When Colombian and South American immigrants encounter challenges upon arriving in America, a fellow countryman steps forward to lend a helping hand. As the passionate president of the Colombian American Service Association (CASA), Julio Jaramillo (JD 91) advocates for human rights and helps hundreds of individuals and families each month work to earn their citizenship.
Jaramillo, who came to the U.S. from Colombia in 1966 and recently opened his own private law firm in Miami, feels Colombian and other South American immigrants are ignored in the U.S.
“I got involved in CASA in 1995 because the problems my fellow Colombians and immigrants generally faced were at the point where something needed to be done,” Jaramillo said. “They are overlooked and have very little representation in the community.”
The organization serves about 400 to 500 families a month from places such as Colombia, Venezuela, Argentina and even Eastern Europe. It receives referrals from community service organizations, elected officials and civic leaders “because they know the work we do, and no one gets turned away regardless of ability to pay,” he says.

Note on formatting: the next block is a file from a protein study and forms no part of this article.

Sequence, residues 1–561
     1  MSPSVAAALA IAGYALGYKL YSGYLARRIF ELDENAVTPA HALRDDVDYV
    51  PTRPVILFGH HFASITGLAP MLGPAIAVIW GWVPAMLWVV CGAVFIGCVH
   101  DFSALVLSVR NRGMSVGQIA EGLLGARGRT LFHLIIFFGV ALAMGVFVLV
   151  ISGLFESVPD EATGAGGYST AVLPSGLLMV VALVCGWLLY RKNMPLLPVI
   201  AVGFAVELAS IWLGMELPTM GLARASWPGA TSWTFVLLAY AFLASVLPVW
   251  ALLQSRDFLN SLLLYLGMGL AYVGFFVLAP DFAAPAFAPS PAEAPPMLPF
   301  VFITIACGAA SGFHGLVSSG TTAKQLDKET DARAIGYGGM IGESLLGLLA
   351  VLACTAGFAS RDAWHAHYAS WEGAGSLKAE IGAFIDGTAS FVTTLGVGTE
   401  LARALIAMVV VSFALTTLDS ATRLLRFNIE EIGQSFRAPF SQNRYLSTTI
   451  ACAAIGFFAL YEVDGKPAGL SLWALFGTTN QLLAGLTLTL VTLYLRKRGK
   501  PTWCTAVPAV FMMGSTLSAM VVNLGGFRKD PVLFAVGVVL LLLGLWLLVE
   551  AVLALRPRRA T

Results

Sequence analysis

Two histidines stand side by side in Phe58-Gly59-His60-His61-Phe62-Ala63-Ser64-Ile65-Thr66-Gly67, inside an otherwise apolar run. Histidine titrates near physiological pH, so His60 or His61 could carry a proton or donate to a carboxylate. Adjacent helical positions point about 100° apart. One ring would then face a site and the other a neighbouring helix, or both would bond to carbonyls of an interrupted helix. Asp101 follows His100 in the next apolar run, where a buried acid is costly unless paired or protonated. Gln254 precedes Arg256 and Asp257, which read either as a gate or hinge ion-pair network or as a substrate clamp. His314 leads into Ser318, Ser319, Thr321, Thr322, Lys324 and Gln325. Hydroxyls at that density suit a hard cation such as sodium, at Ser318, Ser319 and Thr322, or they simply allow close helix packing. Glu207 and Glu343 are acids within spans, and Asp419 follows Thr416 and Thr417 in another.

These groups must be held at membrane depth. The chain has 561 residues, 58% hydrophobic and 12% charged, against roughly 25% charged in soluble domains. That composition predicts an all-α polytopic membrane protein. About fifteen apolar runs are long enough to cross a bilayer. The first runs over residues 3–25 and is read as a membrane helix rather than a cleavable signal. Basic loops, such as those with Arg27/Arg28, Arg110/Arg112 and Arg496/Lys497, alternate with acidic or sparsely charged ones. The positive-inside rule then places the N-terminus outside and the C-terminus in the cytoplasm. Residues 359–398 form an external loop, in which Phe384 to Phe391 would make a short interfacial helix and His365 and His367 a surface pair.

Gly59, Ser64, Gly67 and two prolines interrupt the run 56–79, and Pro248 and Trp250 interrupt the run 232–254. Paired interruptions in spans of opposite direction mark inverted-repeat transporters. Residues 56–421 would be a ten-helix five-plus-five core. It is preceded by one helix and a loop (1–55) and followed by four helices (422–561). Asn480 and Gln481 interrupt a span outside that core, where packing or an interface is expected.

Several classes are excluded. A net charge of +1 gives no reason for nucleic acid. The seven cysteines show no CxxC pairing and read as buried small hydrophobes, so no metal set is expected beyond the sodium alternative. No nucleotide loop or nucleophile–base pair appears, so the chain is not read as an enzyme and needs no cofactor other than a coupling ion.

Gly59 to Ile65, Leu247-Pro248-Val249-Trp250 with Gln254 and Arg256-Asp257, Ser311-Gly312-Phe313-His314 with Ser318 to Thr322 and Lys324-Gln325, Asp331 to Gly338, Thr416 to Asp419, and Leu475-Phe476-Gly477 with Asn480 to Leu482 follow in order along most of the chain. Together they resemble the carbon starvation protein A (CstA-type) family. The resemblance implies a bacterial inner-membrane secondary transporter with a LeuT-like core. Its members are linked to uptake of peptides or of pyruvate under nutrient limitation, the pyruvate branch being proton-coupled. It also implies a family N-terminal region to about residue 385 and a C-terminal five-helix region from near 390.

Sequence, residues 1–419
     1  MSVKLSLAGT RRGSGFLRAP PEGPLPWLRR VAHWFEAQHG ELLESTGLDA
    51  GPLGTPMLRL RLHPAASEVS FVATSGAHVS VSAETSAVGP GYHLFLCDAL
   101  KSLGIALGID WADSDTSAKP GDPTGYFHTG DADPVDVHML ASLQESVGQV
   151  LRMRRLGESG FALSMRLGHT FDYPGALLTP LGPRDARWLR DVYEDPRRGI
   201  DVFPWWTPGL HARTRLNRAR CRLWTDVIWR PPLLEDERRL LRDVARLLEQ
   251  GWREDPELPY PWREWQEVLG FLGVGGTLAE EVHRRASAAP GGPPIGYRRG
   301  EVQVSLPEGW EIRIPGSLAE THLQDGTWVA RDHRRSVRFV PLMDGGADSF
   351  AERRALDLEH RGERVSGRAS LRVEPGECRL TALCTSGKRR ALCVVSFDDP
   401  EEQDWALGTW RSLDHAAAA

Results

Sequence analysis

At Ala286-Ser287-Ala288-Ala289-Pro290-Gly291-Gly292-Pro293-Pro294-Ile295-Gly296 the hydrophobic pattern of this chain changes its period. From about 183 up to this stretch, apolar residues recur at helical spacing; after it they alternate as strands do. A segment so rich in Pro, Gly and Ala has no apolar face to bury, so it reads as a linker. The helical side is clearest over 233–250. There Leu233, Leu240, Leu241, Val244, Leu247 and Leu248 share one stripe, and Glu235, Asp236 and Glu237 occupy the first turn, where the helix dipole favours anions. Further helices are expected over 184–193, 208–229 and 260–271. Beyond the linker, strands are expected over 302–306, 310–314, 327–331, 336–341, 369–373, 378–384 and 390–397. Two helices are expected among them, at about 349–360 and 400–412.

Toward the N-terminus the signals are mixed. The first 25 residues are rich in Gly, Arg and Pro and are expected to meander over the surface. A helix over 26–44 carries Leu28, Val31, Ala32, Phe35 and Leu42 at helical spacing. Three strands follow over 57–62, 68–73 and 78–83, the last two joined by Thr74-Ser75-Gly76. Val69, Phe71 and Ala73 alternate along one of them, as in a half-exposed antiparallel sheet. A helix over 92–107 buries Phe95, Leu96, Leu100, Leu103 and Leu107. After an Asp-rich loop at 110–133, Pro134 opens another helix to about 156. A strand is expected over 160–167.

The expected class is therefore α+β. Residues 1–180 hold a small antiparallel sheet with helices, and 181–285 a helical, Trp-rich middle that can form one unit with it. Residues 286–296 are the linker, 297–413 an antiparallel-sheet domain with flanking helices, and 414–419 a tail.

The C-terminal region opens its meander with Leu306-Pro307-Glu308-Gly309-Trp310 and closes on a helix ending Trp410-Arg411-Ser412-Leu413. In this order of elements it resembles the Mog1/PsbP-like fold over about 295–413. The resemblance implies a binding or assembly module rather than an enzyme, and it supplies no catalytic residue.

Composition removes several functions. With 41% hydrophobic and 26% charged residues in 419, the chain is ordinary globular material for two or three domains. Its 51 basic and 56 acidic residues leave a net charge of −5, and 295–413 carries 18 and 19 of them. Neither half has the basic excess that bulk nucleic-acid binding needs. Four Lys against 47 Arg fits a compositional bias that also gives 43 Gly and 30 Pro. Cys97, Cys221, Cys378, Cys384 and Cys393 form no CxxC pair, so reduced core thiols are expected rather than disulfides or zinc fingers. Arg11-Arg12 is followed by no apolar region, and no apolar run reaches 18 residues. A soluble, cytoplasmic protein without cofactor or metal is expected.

CASA is currently trying to expand its reach across Florida where about 500,000 Colombians reside. Jaramillo says that by some estimates, almost half of them are undocumented. “Though the majority of South American immigrants are in South Florida, there has been a tremendous migration to other parts of the state such as Naples, Tampa, even Pensacola and the Panhandle,” he said.
Jaramillo most enjoys the monthly “citizen drives” that CASA organizes. “Once or twice a month we help people get their documentation and begin the process of getting their citizenship,” he said. “You should see their faces and the gratitude they display when they can swear themselves in as U.S. citizens.”
Jaramillo remembers being taught at UF Law that lawyers should have a social conscience. “It’s not only a privilege, but an obligation to better our society on behalf of those that can’t,” he said.
— Jason Silver